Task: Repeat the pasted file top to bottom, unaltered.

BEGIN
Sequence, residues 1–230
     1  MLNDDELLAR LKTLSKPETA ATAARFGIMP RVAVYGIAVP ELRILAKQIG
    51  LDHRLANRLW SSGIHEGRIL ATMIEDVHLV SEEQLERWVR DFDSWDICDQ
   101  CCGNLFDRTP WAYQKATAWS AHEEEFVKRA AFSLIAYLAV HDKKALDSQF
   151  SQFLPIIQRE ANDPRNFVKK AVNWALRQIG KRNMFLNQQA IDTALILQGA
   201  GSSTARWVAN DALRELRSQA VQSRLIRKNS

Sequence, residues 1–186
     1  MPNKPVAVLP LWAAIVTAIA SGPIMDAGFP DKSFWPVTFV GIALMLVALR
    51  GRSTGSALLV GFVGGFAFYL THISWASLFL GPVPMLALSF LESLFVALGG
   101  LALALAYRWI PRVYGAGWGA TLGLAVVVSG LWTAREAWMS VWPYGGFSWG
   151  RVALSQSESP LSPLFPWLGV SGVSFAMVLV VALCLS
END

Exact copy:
Sequence, residues 1–230
     1  MLNDDELLAR LKTLSKPETA ATAARFGIMP RVAVYGIAVP ELRILAKQIG
    51  LDHRLANRLW SSGIHEGRIL ATMIEDVHLV SEEQLERWVR DFDSWDICDQ
   101  CCGNLFDRTP WAYQKATAWS AHEEEFVKRA AFSLIAYLAV HDKKALDSQF
   151  SQFLPIIQRE ANDPRNFVKK AVNWALRQIG KRNMFLNQQA IDTALILQGA
   201  GSSTARWVAN DALRELRSQA VQSRLIRKNS

Sequence, residues 1–186
     1  MPNKPVAVLP LWAAIVTAIA SGPIMDAGFP DKSFWPVTFV GIALMLVALR
    51  GRSTGSALLV GFVGGFAFYL THISWASLFL GPVPMLALSF LESLFVALGG
   101  LALALAYRWI PRVYGAGWGA TLGLAVVVSG LWTAREAWMS VWPYGGFSWG
   151  RVALSQSESP LSPLFPWLGV SGVSFAMVLV VALCLS